A ruling in Washington earlier this month defining dairy manure as “solid waste” could mean tighter regulations and lawsuits against Kings County dairies, according to sources in the industry.

In the ruling, federal court Judge Thomas Rice found that the Cow Palace Dairy, an 11,000-cow operation in Washington, over-applied manure as fertilizer on its cropland. In addition, Rice determined that the excess manure that couldn’t be absorbed by the crops could be regulated under the Resource Conservation and Recovery Act, a law covering solid and hazardous waste that is normally applied to landfills.

While environmentalists hailed the ruling as a landmark, Kings dairy operators and a representative from Western United Dairymen voiced concerns about the fallout for what they say are already heavily regulated dairies in California.

Hanford dairy owner Dino Giacomazzi said that local dairies are already regulated by the State Water Resources Control Board for how much manure and manure water they apply to cropland as fertilizer.

Dairies are required to monitor, manage and report how much fertilizer they apply to crops in an effort to minimize downward percolation into groundwater. Similar regulations were extended to all San Joaquin Valley farmers in 2013 after studies showed long-term nitrate contamination of groundwater is mostly due to agriculture.

Hanford dairy operator Brian Medeiros called it “unfortunate” that the ruling defined manure as a solid waste, akin to human solid waste that goes into a wastewater treatment plant.

Medeiros said there are multiple uses for manure, including as fertilizer, bedding and compost.

“We define it as an asset,” he said. “It’s unfortunate that courts saw it in that light.”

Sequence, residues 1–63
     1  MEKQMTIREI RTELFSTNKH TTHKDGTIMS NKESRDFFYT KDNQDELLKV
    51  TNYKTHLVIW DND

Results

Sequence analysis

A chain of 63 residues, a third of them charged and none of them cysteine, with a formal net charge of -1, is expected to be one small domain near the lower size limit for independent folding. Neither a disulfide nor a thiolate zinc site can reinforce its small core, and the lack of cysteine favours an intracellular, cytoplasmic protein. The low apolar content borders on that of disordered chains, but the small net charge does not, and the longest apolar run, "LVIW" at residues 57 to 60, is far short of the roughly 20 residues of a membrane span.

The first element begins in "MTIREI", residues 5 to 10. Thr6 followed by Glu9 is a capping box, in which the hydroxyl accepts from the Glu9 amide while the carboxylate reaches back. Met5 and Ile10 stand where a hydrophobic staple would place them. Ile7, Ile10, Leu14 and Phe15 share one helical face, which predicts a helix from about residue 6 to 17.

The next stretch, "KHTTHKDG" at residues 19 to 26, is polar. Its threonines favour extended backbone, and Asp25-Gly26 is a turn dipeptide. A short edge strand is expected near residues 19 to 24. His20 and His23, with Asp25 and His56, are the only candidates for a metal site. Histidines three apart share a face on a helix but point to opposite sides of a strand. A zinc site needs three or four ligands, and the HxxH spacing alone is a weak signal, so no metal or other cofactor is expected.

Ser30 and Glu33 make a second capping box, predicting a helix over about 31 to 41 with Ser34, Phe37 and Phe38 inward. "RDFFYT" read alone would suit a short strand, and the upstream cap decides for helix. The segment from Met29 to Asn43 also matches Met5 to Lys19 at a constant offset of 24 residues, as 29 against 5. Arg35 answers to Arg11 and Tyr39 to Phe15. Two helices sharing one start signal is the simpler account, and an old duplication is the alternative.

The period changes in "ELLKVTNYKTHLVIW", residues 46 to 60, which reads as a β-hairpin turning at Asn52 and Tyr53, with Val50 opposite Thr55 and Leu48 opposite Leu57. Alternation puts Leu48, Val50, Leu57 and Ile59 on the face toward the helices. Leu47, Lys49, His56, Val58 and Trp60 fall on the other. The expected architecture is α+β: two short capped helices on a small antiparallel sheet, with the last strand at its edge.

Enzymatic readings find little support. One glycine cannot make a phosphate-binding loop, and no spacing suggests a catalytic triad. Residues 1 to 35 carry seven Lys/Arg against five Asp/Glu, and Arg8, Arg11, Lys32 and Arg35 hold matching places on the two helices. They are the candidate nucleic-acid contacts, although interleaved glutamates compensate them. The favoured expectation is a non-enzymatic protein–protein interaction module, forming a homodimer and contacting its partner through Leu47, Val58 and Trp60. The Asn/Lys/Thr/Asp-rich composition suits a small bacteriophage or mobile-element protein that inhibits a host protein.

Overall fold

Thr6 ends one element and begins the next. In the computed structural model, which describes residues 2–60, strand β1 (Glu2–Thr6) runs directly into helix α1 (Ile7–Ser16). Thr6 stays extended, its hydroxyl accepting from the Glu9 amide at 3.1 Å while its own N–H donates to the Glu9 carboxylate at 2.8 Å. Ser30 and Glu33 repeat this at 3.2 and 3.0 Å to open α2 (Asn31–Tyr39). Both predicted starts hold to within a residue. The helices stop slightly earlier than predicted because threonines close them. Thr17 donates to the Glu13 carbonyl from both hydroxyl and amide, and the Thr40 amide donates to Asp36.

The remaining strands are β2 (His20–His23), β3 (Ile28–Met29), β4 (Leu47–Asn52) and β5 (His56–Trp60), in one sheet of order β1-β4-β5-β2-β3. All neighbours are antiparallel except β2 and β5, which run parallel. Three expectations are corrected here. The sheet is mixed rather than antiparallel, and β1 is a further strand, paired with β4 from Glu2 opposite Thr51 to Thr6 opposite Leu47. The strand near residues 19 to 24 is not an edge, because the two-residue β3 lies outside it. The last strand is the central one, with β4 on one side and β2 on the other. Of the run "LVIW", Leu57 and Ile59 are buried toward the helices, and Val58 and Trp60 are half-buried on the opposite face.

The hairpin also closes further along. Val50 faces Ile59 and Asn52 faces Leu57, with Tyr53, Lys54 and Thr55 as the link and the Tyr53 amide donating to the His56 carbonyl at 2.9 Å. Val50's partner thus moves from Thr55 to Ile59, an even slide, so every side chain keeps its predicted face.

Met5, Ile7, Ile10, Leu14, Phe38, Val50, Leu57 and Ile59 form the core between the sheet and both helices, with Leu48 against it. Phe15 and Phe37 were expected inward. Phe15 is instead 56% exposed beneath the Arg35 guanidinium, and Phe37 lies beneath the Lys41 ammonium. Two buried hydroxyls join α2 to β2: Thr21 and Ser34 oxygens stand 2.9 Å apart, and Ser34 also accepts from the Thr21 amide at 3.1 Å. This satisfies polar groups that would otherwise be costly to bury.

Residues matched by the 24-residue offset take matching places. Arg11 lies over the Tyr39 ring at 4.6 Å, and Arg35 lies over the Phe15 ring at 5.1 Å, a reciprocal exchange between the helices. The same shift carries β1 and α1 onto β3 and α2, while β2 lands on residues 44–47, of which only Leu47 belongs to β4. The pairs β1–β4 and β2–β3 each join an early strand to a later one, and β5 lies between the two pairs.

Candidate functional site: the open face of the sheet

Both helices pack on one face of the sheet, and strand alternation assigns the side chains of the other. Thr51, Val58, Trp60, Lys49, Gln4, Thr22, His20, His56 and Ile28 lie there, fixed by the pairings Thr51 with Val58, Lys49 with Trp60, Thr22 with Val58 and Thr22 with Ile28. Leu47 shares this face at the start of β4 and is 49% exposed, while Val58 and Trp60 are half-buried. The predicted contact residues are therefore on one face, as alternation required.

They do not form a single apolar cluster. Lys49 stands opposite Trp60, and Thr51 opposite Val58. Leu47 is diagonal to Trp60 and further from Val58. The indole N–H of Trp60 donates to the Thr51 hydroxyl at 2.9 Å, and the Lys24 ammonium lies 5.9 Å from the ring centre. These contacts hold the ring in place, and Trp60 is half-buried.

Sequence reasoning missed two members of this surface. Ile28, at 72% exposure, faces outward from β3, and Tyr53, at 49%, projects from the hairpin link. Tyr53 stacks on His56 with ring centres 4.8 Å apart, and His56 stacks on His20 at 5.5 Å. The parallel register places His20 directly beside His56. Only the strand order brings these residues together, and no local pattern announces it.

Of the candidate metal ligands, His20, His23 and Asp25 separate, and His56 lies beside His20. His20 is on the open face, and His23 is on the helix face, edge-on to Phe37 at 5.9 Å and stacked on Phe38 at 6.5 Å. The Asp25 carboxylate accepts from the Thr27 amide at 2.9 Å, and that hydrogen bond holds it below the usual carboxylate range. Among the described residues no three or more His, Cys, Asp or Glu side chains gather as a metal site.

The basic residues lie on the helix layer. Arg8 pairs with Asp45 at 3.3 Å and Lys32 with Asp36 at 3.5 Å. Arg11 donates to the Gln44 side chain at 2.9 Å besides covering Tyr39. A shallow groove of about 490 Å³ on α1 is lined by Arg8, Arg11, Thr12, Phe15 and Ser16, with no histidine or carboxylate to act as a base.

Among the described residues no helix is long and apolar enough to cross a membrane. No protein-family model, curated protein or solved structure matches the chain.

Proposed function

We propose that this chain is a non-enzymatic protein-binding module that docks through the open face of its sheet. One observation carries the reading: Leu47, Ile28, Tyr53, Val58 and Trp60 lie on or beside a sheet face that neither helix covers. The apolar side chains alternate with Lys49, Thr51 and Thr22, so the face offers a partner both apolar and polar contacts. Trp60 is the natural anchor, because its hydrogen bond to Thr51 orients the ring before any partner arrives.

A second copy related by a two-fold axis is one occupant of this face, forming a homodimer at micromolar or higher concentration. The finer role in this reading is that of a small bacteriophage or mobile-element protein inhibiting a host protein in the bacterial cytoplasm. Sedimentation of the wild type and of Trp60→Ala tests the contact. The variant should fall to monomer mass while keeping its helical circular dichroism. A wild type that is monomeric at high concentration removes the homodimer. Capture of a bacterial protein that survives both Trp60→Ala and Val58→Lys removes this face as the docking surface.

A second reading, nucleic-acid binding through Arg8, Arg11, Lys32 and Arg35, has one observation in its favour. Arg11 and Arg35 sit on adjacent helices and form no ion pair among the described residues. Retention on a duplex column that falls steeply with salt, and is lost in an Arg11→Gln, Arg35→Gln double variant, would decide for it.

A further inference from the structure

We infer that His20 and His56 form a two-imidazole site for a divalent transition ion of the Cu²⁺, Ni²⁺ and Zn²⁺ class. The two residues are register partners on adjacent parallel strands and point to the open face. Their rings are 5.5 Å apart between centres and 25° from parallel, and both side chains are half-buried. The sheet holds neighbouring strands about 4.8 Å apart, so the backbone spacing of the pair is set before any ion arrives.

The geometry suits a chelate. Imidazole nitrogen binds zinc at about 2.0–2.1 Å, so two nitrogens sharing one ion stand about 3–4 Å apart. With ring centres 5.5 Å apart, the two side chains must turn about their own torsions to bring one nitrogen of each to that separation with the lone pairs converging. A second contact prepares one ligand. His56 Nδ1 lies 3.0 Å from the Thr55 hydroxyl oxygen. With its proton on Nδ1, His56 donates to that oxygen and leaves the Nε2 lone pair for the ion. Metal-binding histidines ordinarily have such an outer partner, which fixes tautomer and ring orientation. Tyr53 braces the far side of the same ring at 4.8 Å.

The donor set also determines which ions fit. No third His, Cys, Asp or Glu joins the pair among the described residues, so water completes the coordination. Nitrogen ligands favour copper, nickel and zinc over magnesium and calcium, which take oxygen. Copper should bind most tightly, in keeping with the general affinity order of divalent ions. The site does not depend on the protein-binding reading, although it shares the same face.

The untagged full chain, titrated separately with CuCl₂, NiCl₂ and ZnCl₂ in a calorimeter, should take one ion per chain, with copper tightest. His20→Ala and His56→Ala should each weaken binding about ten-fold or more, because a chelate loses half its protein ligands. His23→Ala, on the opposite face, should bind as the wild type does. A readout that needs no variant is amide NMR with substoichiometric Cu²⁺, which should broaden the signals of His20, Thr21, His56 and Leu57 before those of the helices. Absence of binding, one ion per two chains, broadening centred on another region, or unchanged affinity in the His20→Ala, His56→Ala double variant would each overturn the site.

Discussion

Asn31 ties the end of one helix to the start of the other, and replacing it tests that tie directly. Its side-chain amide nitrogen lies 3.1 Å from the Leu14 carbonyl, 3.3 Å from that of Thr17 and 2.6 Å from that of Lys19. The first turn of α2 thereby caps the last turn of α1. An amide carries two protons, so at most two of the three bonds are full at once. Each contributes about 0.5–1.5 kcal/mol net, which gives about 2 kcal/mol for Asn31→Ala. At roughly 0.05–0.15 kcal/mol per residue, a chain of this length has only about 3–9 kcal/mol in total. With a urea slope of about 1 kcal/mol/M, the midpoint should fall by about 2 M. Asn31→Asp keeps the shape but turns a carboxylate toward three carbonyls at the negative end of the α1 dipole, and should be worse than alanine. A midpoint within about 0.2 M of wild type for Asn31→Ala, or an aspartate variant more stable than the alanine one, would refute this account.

“I don’t know if it’s going to be a big impact, but it obviously can have some sort of impact,” Medeiros added.

Paul Sousa, director of environmental services for Western United Dairymen, said the ruling could lead to more of a “regulatory burden” for dairies.

However, Sousa said that the California regulations already in place might protect local dairies from further lawsuits or limitations.

“The California regulations actually help us on this,” Souza said. “What you are beneficially using as a fertilizer would not fall under the definition of a solid waste.”

Sousa and others industry also offered their thoughts on two lawsuits filed Wednesday in Washington D.C. federal court by environmental groups alleging air pollution by large confined animal feeding operations such as dairies.

The suits allege that dairies and other concentrated livestock operations produce air pollutants such as ammonia that need to be directly regulated by the U.S. Environmental Protection Agency the same way that factory smokestacks are regulated.

The Association of Irritated Residents, a San Joaquin Valley air pollution advocacy group, signed on to the lawsuits.

Tom Frantz, a Kern County farmer and president of Association of Irritated Residents, said that existing air pollution on regulations don’t go far enough to curb negative health effects.

“There are a set of rules regulating volatile organic compounds,” Frantz said. “There’s nothing regulating ammonia. The rules need to be made a lot stronger.”

Medeiros said he thinks ammonia is being reduced as a byproduct of the rules dairies have to follow to reduce several volatile organic compounds that contribute to smog formation.

Dairies are required to do a variety of things, such as covering silage piles with plastic and keeping corrals dry, to reduce emissions of the compounds.

The reporter can be reached at 583-2432 or snidever@hanfordsentinel.com. Follow him on Twitter @snidever.

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